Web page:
A 10-year-old girl born with no hands is this year's winner of a national handwriting competition.
Sara Hinesley, a third-grade student in Maryland, won the Nicholas Maxim Award in the 2019 Zaner-Bloser National Handwriting Contest. To be eligible for the Nicholas Maxim Award, a student must have a cognitive delay, or an intellectual, physical or developmental disability. A team of occupational therapists judged all of this year's entries.
"I felt excited and proud," Sara told "Good Morning America" about learning she won the award, which comes with a trophy and $500 in prize money as well as $500 in educational materials for her school.
Sara writes by gripping the pencil or pen with both of her arms. She loves to create art and sees writing cursive -- for which she won the award -- as an extension of art.
"Cursive is round and it's trying to connect [letters] so it’s art," she said.
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Sara was born in China and adopted by the Hinesley family in the U.S. four years ago, at age six. She could only speak and write Mandarin when she arrived in the U.S., but quickly picked up English from her older sister, Veronica.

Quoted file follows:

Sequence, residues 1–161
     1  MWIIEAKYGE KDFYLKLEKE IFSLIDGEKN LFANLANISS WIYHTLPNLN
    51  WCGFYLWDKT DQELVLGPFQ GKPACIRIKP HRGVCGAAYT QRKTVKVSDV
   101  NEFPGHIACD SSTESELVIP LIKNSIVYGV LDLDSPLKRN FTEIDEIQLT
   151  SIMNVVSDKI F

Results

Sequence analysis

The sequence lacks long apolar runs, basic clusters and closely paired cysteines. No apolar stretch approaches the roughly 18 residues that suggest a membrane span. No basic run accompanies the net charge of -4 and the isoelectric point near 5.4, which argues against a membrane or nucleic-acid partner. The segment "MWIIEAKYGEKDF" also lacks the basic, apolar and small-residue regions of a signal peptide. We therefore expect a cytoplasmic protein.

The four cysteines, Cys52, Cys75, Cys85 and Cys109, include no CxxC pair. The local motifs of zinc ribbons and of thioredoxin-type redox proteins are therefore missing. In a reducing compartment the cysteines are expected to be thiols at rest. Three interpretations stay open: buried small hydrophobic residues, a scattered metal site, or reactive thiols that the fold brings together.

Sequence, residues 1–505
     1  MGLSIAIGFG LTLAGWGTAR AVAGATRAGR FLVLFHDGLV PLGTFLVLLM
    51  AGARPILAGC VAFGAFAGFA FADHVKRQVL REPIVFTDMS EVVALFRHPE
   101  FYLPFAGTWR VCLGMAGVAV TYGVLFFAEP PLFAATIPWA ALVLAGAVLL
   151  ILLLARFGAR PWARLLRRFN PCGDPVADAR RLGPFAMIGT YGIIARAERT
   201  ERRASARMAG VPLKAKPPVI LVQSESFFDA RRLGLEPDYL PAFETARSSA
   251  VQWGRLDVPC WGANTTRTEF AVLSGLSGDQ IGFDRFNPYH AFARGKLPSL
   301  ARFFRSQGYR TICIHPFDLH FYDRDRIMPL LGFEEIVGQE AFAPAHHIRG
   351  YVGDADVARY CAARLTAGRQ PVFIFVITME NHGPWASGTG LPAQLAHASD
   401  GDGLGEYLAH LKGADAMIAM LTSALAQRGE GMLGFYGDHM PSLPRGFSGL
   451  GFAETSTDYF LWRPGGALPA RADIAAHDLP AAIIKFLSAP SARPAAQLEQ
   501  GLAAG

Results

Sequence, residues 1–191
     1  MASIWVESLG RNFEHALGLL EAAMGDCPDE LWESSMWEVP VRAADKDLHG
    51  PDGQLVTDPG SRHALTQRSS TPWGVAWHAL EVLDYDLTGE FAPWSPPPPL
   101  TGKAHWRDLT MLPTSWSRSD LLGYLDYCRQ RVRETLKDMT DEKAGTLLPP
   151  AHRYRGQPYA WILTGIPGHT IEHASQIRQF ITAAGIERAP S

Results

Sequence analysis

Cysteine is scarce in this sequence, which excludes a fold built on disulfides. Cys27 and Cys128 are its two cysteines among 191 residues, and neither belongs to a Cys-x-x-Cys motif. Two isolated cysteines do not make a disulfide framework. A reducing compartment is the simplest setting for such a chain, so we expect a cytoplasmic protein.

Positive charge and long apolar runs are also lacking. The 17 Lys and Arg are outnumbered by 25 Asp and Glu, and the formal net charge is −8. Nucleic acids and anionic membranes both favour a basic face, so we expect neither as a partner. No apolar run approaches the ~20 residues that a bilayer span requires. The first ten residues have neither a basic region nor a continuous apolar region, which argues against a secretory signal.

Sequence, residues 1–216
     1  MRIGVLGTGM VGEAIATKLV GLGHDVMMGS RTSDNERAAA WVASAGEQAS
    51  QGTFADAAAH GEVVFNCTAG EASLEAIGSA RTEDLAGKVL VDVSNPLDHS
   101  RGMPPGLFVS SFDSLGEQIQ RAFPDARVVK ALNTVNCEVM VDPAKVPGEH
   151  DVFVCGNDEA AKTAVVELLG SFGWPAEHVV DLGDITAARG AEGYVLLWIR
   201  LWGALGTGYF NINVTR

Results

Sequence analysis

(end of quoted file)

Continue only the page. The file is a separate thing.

She figured out a method of writing on her own.
"Sara is very motivated and a disciplined student," said the girls' mother, Cathryn Hinesley. "She excels really at about anything she tries."
The third-grader has made the decision not to use prosthetic hands, according to Hinesley.
"All of her life she has figured out ways to overcome that challenge and it's really made her a very strategic thinker," Hinesley said. "Before she takes on a task she tends to plot out how she’s going to accomplish it and is usually successful."
She added, "Everything Sara does she really does to the best of her ability and on her own. She's a very independent, 'I can do it,' type of kid."
Sara will receive the award on June 13, the last school day of the year at her school, St. John’s Regional Catholic School in Frederick, Maryland. Sara is the first student from the school to win the Nicholas Maxim Award.
"Sara always has a smile on her face. Nothing gets her down at all," said the school's principal, Karen Smith. "She always seems to cope with whatever task is given. She always figures out a way to do it."
Sara won the Nicholas Maxim Award for excellence in cursive. Another student, in Ohio, won the award this year for excellence in manuscript (printing).
Sara's mom called her daughter's award-winning penmanship a "testament to the human spirit."
"It shows what perseverance and a positive attitude can do," Hinesley said. "Sara is a great example of that."